Intimate partner violence (IPV)

Intimate partner violence within LGBTIQ relationships is known to occur at a similar rate to heterosexual relationships.

What is intimate partner violence?

Intimate partner violence, regardless of the sex or gender of the person perpetrating it, is a pattern of behaviour in which coercion or violence is used to gain or maintain power or control. This is not limited to physical violence, but also emotional, sexual or economic abuse. If you are experiencing abuse, it may feel confusing or shameful; you may still love the person using abusive behaviour and not know what to do. Remember, being subject to abuse is NEVER your fault.

The situation can often be more difficult for LGBTIQ people experiencing intimate partner violence, as widespread heterosexism and homophobia limits the social support one might receive. Queer relationships are often already stigmatised in South Africa, social services may be ill-equipped to appropriately respond, and police may be dismissive or even abusive if violence is reported. The dominant discourse surrounding IPV is framed around men committing violence against heterosexual women. Many health care workers, social workers, and police may not believe that women are able to perpetrate abuse against another female partner, or that men can be subject to abuse, leading to a lack of understanding, ridicule and minimising violence in LGBTIQ relationships.

We would encourage anyone at risk of intimate partner violence to reach out for support using the resources listed below.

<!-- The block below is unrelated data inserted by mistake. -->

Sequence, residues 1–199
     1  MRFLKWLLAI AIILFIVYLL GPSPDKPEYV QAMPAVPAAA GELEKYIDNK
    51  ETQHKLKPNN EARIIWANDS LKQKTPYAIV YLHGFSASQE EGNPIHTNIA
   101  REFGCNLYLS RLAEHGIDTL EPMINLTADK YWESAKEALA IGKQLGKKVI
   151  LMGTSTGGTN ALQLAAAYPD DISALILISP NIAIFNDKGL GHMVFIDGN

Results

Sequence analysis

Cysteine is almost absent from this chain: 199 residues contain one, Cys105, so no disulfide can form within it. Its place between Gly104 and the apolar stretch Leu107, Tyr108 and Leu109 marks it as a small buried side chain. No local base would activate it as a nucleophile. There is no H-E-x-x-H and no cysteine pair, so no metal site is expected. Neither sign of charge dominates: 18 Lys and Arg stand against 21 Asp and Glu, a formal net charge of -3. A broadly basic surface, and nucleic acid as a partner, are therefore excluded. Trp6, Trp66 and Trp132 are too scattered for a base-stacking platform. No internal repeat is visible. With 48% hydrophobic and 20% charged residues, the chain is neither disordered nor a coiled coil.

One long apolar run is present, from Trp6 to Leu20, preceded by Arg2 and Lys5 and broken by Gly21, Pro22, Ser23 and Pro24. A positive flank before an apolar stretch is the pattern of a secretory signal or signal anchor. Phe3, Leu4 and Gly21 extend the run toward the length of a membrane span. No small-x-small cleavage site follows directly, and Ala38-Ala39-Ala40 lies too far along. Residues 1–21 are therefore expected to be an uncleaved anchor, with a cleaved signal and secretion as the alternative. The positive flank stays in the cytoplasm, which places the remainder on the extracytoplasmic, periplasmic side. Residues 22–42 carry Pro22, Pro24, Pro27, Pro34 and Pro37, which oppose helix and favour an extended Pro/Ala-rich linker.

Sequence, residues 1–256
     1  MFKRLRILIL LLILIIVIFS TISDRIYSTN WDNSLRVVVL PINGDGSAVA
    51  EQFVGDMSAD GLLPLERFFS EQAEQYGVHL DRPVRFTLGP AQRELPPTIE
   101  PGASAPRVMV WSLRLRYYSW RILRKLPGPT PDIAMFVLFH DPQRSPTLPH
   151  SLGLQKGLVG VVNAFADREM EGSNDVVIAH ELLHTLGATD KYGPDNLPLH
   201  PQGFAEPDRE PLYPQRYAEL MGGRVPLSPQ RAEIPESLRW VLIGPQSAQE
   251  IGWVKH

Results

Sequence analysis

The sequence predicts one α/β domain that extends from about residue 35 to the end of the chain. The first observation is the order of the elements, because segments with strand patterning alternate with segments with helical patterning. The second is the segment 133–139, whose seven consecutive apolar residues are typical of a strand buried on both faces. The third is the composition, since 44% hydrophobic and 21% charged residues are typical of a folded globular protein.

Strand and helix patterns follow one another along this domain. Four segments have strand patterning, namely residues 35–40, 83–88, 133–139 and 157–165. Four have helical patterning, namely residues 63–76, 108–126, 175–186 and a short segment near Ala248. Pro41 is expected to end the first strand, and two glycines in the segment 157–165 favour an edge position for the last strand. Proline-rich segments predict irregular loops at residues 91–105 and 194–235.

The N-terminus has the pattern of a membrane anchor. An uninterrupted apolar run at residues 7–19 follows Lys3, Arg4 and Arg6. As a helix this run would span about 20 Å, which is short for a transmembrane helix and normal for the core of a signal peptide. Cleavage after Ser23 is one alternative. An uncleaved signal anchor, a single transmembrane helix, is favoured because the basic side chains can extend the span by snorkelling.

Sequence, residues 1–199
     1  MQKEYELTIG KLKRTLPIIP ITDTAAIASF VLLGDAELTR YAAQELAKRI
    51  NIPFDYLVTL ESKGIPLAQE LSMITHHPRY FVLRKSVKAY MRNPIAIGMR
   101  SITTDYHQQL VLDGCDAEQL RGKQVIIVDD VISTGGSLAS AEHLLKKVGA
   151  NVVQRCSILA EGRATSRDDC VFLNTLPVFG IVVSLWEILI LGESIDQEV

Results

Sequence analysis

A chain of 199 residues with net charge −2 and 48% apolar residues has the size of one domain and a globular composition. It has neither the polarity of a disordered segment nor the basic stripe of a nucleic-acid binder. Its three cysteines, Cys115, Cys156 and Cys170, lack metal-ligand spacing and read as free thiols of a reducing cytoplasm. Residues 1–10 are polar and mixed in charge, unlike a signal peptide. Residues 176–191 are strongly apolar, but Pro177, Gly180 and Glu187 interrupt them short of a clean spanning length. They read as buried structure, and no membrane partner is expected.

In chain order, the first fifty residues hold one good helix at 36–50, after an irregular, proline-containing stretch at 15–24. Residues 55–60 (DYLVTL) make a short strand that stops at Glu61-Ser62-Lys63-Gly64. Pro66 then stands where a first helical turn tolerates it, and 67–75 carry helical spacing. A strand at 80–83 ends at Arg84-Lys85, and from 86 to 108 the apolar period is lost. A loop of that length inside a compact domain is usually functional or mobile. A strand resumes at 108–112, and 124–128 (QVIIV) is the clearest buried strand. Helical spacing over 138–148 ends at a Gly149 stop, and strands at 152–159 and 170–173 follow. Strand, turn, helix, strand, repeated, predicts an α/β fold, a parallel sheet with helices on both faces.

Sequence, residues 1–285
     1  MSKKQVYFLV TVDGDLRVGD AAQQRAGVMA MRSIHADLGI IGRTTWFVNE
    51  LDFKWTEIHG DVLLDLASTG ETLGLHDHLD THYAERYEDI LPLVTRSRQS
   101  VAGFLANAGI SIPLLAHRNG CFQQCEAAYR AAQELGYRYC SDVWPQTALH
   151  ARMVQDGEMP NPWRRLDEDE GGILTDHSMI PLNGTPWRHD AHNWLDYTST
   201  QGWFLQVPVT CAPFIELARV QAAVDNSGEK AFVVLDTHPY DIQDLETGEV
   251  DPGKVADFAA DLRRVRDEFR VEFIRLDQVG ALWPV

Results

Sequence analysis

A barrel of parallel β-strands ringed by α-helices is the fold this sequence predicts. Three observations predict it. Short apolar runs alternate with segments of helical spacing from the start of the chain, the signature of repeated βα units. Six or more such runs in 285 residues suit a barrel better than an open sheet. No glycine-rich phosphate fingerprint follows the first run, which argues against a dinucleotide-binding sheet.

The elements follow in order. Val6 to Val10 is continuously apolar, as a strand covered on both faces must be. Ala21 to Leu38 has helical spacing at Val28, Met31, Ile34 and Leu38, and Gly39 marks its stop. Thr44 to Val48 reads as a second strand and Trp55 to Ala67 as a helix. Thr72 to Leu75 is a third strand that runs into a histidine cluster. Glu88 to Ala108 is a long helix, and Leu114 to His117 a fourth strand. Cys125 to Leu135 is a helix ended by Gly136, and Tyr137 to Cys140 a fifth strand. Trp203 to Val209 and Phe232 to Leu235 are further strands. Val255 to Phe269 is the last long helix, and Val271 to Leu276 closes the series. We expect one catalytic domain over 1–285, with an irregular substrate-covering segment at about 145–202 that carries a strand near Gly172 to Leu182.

What does it look like?

Intimate partner violence that LGBTIQ people might experience can take many forms including:

  • Physical abuse
  • Sexual abuse
  • Verbal abuse
  • Emotional and psychological abuse
  • Financial abuse
  • Social abuse

Examples of intimate partner violence may look like:

  • Using someone’s HIV status or sexuality to ‘out’ them to friends, family or employers
  • Not respecting their right to say ‘No’ to sex
  • Controlling omeone’s access to medications
  • Gaslighting—making someone doubt their own version of events, making the victim out to be a liar or to have a mental health condition
  • Controlling someone’s access to their own finances or payments to ensure financial dependence

What can I do?

If you think you are experiencing violence from your partner there are a few steps you can take to seek support. Consider discussing your situation with a trusted friend or family member. Experiencing violence in a relationship can be very isolating, and breaking that isolation can help you decide on the best path to take moving forward.

If you don’t have anyone to talk to, or you feel that reaching out to people you know may be too exposing or increase your risk of violence, you can contact a number of organisations and services that can offer you support.

If there is an immediate threat to your safety call the police on 10111, or contact your local police station. See the Western Cape Emergency contact numbers here, which you might want to save in your phone.

Where can I get support?

Triangle Project has extensive experience supporting people experiencing violence and trauma. We also work closely with other services providers that help people experiencing intimate partner violence.

Contact us to find out more about how we can help.

IPV Research

Read Triangle Project’s research report “I’m your maker”: Power, heteronormativity and violence in women’s same-sex relationships, which responds to the knowledge gap and contributes to an improved understanding of intimate partner violence experienced by queer women in their same-sex relationships.